and surgeons and are less expensive and more convenient than having
surgery in a hospital. RCCs provide post-surgical and post-diagnostic,
short-term medical and nursing care, support, and pain control for
patients that do not require acute hospitalization. RCCs exist in some
states, but not Florida.
HB 161 helps
expand the use of direct primary care (DPC) in Florida by preventing
DPC agreements from being regulated like insurance. DPC is a medical
practice model that eliminates third party payers from the
doctor-patient relationship. By contract, a patient or employer pays a
monthly fee to the primary care provider for defined services. After
paying the fee, a patient can utilize all services in the agreement at
no extra charge. One of the most critical problems in healthcare is out
of control and unjustifiable costs. Innovations like DPC cut costs by
eliminating the administrative hassles of the third-party payer system.
requires all Florida hospitals and ambulatory surgical centers to
complete and publish patient safety culture surveys. A "patient safety
culture survey" is a survey completed by healthcare facility which asks
employees about patient safety and quality of care. The survey is
designed to measure the climate of safety at the facility. The surveys
help hospitals identify and fix problems. If published, the survey data
can also help potential patients make decisions about which facilities
are best for their own care and the care of their families.
All of these
measures are aimed at increasing access to quality and affordable
healthcare for all Floridians.
|Had the pleasure of visiting
Bardmoor Elementary in my district during school lunch week
prior to the start of Committee Weeks.
|Enjoyed learning about the
options they provide to the students, and how they focus on healthy and
balanced meals to ensure that students are able to be
more successful in their studies.
Pinellas Women's Club
Show & Mardi Gras Celebration
February 25, 2017
Salute to the Oscars
February 25, 2017
Leads Discussion on Local Government Fiscal Transparency
& Means Committee began discussing ways to increase local
government fiscal transparency, an important issue for communities
across the state. The committee focused on solutions that will help
citizens gain access to important information so they can be more
engaged in the decision-making process with their local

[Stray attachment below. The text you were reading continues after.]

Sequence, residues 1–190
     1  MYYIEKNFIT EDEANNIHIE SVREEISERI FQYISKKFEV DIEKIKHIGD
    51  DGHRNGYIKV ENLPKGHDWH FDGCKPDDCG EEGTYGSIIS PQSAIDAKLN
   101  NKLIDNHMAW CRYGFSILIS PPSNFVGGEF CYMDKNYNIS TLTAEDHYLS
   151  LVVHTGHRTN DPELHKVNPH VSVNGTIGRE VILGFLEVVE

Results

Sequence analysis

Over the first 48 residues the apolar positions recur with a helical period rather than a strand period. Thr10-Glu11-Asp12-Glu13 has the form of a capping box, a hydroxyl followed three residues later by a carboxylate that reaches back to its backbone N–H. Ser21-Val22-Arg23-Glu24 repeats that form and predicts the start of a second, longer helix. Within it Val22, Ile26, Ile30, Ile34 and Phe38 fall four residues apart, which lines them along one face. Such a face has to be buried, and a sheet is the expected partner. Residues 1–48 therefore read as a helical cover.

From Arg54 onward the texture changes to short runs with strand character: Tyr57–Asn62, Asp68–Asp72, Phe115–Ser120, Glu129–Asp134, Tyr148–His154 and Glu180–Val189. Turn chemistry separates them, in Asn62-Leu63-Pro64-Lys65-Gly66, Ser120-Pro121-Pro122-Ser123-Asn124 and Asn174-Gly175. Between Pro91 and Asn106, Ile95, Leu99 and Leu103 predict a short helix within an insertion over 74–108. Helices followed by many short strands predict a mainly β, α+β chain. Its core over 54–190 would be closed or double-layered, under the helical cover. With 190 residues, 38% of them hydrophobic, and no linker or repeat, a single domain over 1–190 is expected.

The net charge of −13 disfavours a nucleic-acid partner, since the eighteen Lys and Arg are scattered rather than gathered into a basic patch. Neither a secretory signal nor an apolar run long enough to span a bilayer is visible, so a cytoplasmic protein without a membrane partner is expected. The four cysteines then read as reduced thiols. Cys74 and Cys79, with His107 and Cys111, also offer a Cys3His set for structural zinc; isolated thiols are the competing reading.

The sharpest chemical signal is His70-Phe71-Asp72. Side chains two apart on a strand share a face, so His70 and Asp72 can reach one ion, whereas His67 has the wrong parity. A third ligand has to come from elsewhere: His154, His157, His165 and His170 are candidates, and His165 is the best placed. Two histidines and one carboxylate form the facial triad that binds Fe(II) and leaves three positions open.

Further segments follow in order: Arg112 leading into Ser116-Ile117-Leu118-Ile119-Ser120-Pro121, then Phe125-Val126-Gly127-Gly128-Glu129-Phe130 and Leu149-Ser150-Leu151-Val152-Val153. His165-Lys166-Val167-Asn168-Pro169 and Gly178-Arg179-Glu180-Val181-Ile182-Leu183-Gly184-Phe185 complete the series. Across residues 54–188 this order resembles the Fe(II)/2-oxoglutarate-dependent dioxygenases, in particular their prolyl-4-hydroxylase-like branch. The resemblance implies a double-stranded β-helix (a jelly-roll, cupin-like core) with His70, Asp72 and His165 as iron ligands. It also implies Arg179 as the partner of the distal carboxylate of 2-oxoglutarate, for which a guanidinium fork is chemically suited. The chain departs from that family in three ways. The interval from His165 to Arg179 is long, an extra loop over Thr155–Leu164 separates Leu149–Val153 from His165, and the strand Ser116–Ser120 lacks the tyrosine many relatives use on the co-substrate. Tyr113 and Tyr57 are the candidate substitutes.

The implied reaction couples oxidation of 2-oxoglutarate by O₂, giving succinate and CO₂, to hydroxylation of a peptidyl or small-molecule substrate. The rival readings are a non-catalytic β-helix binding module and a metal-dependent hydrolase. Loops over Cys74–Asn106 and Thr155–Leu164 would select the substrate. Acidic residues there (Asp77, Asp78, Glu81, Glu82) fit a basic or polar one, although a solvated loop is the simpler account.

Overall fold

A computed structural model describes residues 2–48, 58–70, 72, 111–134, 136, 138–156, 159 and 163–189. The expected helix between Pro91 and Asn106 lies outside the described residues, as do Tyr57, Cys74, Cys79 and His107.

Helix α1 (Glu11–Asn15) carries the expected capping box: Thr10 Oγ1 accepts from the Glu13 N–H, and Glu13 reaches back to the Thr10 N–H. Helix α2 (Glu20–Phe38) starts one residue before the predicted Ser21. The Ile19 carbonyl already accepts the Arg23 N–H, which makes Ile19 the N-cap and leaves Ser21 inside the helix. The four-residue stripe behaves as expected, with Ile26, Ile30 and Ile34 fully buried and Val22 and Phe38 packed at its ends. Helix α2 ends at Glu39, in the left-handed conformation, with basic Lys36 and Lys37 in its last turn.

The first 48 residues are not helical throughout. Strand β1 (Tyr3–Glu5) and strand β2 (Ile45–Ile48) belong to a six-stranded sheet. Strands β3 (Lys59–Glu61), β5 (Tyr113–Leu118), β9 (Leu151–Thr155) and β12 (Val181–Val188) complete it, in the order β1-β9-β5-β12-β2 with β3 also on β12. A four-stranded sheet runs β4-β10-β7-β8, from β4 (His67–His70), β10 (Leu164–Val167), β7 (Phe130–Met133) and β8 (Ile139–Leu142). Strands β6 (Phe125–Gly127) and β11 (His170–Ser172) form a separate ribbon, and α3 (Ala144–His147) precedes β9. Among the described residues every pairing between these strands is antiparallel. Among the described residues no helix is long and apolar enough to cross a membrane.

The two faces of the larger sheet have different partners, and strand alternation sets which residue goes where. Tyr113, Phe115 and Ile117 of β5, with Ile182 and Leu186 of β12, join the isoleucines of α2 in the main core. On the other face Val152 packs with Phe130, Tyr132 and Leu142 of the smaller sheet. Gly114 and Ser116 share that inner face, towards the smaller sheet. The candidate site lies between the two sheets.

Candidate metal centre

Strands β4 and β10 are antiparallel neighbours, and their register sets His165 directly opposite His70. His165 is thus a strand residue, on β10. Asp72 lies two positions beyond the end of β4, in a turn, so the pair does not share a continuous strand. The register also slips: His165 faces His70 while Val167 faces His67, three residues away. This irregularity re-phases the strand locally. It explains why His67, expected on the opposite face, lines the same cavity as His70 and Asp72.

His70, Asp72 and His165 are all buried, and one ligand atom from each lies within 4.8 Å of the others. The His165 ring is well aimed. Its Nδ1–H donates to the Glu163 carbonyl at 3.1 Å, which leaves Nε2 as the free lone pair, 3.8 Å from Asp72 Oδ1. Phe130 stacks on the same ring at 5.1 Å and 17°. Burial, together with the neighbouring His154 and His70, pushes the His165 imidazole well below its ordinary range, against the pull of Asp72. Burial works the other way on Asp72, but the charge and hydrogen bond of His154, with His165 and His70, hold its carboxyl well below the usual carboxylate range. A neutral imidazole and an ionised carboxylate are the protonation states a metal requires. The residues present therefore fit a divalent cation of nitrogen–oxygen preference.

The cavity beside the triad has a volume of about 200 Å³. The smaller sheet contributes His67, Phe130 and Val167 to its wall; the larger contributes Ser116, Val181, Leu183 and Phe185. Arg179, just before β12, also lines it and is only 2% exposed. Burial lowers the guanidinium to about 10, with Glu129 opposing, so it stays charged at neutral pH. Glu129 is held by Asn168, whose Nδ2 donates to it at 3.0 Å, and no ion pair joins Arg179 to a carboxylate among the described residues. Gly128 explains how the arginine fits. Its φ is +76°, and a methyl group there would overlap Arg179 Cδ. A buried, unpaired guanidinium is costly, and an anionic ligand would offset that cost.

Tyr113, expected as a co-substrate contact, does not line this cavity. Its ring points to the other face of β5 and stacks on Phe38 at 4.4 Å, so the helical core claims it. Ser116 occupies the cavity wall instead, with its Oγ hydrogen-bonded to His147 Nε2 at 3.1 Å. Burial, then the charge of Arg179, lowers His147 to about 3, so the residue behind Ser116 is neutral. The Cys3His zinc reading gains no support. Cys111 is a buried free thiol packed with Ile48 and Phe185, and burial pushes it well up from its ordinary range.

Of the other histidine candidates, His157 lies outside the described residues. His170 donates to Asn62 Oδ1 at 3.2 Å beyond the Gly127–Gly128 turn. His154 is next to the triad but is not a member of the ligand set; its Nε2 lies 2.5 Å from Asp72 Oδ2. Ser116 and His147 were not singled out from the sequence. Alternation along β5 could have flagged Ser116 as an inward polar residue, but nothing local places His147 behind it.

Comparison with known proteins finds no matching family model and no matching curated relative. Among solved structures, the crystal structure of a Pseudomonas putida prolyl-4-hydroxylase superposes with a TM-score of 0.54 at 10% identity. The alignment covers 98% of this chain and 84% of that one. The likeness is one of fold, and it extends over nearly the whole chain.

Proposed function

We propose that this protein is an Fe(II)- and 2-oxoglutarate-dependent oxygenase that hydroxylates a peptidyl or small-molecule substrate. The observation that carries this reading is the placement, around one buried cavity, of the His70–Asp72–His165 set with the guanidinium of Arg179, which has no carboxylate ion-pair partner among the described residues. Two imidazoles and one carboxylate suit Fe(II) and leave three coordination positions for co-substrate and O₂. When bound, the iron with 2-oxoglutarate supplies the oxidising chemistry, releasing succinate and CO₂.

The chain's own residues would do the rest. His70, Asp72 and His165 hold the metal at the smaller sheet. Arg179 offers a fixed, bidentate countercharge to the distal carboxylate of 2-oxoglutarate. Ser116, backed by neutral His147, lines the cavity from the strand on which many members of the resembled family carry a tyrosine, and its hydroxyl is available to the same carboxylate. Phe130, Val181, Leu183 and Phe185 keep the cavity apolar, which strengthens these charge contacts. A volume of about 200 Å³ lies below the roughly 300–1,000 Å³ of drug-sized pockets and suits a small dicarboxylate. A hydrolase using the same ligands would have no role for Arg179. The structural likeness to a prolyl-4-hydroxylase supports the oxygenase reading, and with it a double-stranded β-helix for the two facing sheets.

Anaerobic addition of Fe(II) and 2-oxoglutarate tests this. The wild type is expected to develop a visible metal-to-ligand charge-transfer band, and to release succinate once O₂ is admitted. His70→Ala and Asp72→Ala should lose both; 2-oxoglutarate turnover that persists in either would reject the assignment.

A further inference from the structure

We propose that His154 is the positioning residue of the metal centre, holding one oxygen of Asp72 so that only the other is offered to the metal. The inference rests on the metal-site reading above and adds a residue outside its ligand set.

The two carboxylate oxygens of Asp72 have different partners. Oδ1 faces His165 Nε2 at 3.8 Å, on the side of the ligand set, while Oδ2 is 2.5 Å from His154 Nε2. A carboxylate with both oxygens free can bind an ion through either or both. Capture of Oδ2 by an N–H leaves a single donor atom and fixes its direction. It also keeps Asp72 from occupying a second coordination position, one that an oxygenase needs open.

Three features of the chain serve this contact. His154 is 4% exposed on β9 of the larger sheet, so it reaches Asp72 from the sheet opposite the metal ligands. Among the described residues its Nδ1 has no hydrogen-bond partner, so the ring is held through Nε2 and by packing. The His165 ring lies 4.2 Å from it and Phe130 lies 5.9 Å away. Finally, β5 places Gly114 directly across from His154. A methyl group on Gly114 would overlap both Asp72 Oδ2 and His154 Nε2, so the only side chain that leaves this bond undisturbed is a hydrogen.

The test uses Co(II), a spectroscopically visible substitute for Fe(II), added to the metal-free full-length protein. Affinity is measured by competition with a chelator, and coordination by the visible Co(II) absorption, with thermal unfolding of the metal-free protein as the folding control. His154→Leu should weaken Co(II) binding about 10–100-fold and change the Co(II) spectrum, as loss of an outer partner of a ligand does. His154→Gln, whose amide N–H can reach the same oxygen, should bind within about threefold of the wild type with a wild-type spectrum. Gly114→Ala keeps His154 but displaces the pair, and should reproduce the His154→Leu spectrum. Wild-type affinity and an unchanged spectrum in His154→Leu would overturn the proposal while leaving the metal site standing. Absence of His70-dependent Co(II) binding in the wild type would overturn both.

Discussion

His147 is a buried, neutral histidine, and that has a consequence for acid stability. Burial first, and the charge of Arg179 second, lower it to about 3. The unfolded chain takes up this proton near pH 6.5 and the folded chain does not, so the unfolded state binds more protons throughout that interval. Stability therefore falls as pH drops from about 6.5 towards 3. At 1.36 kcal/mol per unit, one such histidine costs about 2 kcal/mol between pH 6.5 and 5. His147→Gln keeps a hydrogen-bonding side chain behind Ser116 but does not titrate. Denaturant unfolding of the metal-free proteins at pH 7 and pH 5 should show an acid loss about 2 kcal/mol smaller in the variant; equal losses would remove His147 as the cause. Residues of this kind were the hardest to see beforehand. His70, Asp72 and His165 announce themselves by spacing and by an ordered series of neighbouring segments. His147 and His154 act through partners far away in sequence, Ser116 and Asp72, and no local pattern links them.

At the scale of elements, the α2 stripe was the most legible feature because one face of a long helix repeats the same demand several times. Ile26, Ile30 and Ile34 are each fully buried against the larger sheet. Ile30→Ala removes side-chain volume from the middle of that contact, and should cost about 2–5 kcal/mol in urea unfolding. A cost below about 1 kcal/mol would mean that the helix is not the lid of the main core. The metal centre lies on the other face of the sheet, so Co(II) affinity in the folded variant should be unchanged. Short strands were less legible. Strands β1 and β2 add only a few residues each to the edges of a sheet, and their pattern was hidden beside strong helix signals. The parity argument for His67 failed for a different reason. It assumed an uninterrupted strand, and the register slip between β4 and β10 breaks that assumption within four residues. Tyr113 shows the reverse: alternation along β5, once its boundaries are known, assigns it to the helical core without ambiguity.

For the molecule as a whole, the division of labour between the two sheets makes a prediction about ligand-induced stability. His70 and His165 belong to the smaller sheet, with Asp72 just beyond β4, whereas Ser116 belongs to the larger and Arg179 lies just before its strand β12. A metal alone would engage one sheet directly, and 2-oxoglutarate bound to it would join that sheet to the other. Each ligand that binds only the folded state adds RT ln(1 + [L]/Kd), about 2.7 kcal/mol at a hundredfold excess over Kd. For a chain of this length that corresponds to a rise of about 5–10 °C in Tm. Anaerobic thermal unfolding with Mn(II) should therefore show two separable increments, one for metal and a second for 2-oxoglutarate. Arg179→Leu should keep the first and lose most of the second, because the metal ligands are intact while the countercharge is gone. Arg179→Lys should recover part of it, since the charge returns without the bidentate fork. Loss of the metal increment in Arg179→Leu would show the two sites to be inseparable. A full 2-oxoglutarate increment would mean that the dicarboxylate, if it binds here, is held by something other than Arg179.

the committee focused on four ideas: 1) easier access to voting records
related to local option taxes and debt issuances; 2) easier access to
tax history and annual millage rate information through property
appraisers; 3) expanding public notice requirements and information;
and 4) utilizing debt affordability reports.
deserve more access to information on financial matters that directly
impact their livelihood. As this issue develops, I will make sure to
keep you informed.
Local Government Ethics Reform
Integrity & Ethics Committee passed a bill last week
to reform ethics guidelines for local governments. Some of the
provisions of the bill include the following: requiring certain elected
local officers to file a more detailed financial disclosure; expanding
annual ethics training requirements for local officers; expanding
restrictions when a conflict of interest exists; and requiring
lobbyists to register with a statewide database before they can lobby
local government bodies.
Integrity & Ethics Committee also passed measures that would
extend the current ban on post-service lobbying for legislators,
statewide elected officers, and appointed state officers from two years
to six years.
office is a public trust, and the Florida House is committed to passing
legislation in support of that sacred truth.
Subcommittee Advances Important Sentencing Legislation
The House Criminal Justice Subcommittee approved two important bills
relating to sentencing: HB 157, which deals with the sentencing of
non-violent felons; and HB 527, which will reinstate Florida's ability
to sentence the most violent offenders to death.
HB 157 is a
measure that will allow county courts to sentence certain non-violent
felony offenders to serve their time in county jails, as opposed to
state prisons. This effort will help limit overcrowding of our state
prisons and ensure that our most secure prisons are reserved for
violent and dangerous offenders.
HB 527 will
restore Florida's death penalty law, which has been stalled until we
make the changes to law that the Florida Supreme Court held were
required by the Constitution. The updated law will require that a jury
be unanimous in their recommendation to impose the death penalty.